Used Car Prices Drop for Fourth Consecutive Month, Cost Nearly $1,000 Less than December 2021

Car with For Sale Sign stock photo
LazingBee /

A few months ago, the chances of buying a used car were slim unless you were prepared to pay grossly inflated prices. Ongoing supply chain disruptions that arose during the pandemic were exacerbated by the war in Ukraine, causing costs of used cars and trucks to skyrocket. Many consumers were priced out of the market entirely, with no tangible end in sight.

There hasn’t been a good time to buy a car over the past 12 months, but there looks to be some relief on the way. Used car prices are still up considerably from a year ago, but wholesale used vehicle prices have decreased by 6.4% since record highs in January, according to a CNBC report.

Furthermore, for the fourth consecutive month, the average price for a used car has dropped. The report claimed that the average price for a used vehicle in March 2022 was $27,246, which is $362 less than the previous month and almost $1,000 less than in December 2021.

According to Manheim’s Used Vehicle Value report, dealer wholesale prices in April fell 1% from March. Compared to the 3.3% drop from February to March, it’s small, but still a decrease. That’s an encouraging sign to prospective used car buyers.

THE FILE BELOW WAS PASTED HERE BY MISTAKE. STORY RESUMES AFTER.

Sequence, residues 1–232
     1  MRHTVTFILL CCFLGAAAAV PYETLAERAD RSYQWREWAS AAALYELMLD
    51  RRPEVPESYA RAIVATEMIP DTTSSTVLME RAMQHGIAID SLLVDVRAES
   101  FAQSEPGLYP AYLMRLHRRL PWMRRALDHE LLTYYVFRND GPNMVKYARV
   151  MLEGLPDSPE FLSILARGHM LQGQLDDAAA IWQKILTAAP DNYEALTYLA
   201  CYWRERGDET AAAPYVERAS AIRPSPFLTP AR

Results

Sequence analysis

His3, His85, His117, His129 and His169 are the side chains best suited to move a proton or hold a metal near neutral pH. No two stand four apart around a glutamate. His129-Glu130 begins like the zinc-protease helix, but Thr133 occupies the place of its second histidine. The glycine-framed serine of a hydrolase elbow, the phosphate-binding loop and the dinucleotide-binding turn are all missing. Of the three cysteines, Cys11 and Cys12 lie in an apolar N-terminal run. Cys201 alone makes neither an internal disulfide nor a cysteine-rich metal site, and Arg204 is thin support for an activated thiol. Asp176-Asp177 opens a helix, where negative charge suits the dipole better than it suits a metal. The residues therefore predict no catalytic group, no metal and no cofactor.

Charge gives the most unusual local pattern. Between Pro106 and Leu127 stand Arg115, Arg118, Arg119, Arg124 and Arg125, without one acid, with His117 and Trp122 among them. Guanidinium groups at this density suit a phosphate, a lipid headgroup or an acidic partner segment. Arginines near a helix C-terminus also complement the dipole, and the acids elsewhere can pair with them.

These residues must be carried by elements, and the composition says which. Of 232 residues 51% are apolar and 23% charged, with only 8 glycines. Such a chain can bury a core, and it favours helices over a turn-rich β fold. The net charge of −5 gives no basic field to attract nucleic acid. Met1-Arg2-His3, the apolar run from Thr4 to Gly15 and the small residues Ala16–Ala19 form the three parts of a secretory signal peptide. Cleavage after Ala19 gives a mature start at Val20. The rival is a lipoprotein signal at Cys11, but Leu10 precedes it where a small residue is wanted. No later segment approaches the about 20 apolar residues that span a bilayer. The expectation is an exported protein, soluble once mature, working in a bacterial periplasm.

Manheim’s Index — recognized by analysts as the premier indicator of pricing trends in the used vehicle market — declined to 221.2 for April 2022, down from the March index of 223.5. That’s the lowest level since September 2021. If you were on the fence about buying, now might be the right time to pounce.

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The automotive industry is in this overblown pricing predicament due to demand for vehicles and their component parts far exceeding supply, which caused prices to escalate over high inflation. As sanctions against Russia continued, unavailable source material like palladium and neon gas — which are required for auto parts (i.e.: catalytic converters) and semiconductor production — caused damage to automotive makers throughout the world.

That means that demand for “cheaper” used vehicles increased even more than new ones. In fact, the past year has seen an increase of 13% for the average price of a new vehicle, according to Edmunds. Used prices have exceeded new, with an average price rising 29% over the same time.

Even so, the decline in used car prices is a good sign for buyers who have been patiently waiting out dramatic cost increases and vehicle shortages across the board. We haven’t hit a buyers’ market yet, but we’re slowly trending in that direction.

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